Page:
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With a title such as this one, you know it will be a gripping read, so  I will make it easy for you!!

In a  welcome judgment for employers involved in TUPE the elusive ETO defence can be operated successfully but (yes there is a large but) the Court of Appeal (CA) has stressed that the use of the ETO defence is highly fact-sensitive.

Obtaining the right evidence is going to be crucial and the CA’s analysis shows clearly that success will continue to depend upon the quality of the documentary and witness evidence available, and upon cross examination of witnesses, with its inherent uncertainties.

In Crystal Palace FC Ltd and CPFC 2010 Ltd v Kavanagh and others [2013] EWCA Civ 1410 the CA restored the judgment of the Employment Tribunal (“the ET”) that the employees should not be treated as unfairly dismissed for a reason connected with a transfer under regulation 7 of the TUPE (“Regulation 7”) because the reason for dismissal had been an economic, technical or organisational reason entailing changes in the workforce.  Briggs LJ stated:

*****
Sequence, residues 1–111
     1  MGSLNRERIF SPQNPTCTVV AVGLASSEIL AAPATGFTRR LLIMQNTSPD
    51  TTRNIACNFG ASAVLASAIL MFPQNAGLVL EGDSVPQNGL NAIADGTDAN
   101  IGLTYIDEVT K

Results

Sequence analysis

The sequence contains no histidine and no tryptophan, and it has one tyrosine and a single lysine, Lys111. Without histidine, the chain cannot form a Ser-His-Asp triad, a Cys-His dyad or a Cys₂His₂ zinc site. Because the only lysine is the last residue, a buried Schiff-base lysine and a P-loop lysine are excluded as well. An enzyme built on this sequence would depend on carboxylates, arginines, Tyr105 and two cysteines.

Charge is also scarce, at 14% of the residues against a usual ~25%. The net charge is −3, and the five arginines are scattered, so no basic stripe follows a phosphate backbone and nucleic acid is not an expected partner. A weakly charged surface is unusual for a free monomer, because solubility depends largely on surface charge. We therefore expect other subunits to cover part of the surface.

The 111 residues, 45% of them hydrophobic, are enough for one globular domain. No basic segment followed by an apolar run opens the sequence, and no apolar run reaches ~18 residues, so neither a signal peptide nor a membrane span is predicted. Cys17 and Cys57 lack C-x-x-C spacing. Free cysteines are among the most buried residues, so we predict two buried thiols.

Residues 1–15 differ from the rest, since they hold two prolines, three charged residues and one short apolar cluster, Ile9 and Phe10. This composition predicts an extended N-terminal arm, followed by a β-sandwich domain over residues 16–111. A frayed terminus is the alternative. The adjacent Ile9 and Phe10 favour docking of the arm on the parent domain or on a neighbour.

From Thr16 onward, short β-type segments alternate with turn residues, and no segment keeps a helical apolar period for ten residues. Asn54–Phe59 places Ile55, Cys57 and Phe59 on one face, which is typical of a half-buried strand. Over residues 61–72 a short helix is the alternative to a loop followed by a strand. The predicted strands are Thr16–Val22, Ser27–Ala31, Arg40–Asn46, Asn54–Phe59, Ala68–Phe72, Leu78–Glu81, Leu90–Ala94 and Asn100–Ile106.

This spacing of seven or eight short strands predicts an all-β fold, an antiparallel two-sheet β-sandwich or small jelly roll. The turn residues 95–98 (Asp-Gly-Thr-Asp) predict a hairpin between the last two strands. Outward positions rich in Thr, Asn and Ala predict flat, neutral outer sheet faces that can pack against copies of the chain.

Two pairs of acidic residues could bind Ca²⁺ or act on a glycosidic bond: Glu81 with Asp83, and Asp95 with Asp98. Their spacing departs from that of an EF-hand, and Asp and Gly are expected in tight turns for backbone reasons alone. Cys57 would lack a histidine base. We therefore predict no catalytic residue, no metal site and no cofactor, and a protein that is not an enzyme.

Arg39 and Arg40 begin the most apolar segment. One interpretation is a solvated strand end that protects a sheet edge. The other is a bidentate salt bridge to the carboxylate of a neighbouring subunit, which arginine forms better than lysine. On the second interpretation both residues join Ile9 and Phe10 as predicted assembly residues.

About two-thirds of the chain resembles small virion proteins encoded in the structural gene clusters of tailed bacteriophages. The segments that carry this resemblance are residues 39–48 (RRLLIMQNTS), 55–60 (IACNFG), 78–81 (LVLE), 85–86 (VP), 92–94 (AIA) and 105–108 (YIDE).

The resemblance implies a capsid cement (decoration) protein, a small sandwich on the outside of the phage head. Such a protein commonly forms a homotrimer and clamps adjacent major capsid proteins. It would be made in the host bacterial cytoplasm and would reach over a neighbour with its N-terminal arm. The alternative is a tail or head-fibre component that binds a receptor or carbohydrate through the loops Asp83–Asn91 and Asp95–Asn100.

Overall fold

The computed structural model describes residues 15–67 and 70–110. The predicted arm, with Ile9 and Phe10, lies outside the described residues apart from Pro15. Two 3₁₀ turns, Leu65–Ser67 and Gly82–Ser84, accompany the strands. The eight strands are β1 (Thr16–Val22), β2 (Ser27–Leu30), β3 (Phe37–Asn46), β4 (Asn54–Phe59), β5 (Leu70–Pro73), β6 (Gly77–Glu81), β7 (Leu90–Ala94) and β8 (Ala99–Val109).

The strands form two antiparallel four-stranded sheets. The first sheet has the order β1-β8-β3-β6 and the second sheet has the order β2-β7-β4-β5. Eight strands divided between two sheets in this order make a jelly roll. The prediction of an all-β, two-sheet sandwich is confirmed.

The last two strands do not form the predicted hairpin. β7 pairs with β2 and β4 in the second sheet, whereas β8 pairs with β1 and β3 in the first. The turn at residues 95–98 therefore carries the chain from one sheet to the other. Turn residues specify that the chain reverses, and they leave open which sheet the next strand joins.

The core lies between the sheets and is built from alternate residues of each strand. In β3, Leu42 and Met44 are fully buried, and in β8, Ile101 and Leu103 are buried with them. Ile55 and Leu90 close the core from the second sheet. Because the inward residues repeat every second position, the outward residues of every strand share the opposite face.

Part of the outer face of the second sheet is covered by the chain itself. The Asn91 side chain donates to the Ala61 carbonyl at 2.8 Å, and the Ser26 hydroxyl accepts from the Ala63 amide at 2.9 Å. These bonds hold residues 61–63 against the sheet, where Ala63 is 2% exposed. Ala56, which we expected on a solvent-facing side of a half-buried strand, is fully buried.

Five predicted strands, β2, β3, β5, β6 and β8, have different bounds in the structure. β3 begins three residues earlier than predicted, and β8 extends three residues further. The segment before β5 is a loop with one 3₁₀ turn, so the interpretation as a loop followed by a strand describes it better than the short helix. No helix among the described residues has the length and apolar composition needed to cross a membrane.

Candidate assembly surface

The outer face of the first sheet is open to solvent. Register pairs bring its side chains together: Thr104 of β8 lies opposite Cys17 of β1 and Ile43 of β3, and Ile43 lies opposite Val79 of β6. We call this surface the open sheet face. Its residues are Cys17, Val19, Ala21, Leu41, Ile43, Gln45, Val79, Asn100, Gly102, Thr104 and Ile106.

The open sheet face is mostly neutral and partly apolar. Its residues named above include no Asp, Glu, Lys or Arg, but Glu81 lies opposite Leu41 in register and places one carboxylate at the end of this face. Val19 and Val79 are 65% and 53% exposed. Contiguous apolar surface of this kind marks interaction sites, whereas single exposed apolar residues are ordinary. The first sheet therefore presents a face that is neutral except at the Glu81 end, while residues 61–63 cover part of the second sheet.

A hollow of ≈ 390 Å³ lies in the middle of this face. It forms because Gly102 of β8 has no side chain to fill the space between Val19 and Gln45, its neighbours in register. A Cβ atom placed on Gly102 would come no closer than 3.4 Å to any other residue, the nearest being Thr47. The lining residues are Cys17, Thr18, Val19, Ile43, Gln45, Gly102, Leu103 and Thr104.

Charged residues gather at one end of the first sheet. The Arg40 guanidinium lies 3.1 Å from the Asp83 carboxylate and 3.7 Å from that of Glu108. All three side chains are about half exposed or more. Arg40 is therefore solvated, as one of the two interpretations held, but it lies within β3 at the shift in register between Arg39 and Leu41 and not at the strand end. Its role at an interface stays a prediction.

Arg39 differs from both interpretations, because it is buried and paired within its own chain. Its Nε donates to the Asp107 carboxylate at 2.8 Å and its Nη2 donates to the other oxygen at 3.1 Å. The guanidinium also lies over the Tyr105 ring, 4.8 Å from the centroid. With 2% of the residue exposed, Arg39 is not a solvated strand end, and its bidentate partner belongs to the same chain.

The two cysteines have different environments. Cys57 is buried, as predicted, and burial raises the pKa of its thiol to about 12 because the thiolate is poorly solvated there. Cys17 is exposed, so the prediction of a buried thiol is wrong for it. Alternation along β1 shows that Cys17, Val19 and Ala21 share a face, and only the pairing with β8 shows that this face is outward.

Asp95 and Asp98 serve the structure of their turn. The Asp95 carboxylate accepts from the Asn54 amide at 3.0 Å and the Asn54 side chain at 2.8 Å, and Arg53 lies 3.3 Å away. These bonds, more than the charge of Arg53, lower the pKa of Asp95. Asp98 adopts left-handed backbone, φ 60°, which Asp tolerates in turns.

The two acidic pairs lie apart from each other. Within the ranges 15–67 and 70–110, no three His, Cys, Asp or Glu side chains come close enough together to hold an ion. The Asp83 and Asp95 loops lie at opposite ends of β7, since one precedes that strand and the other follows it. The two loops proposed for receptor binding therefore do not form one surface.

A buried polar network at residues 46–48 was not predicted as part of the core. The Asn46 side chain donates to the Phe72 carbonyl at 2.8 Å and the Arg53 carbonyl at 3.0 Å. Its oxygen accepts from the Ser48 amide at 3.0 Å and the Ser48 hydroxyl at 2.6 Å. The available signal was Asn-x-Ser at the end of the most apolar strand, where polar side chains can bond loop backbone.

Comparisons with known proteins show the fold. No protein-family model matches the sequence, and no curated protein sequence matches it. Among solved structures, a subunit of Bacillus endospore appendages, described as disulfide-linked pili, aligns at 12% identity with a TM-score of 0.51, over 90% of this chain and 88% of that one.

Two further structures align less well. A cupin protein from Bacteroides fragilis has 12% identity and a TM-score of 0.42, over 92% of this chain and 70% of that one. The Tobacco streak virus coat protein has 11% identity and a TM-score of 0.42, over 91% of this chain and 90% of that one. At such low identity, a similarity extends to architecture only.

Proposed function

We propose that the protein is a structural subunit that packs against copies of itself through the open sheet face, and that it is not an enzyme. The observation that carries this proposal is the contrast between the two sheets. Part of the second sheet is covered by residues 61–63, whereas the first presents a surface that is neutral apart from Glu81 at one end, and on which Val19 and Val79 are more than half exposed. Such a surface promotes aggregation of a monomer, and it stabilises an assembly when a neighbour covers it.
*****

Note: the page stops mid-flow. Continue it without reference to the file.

“Regulation 7 unambiguously requires a subjective fact-intensive analysis of the ‘sole or principal reason’ for the relevant dismissal, so that the Employment Tribunal needs to be astute to detect cases where office holders of insolvent companies have attempted to dress up a dismissal as being for an ETO reason, where in truth it has not been.”

Not lost you so far, well here is a treat…. in the employment law blog 11kbw  Harini Iyengar writes very well on how the CA looked at the Economic Technical or Organisational Reason Exception (“ETO”) under the Transfer of Undertakings (Protection of Employment) Regulations 2006 (“TUPE”) and the tension between the employment regime and the insolvency regime.

If TUPE is your bag then I highly recommend reading the full blog and commentary here.  You can also subscribe to their newly relaunched employment law blog – very useful and highly commended.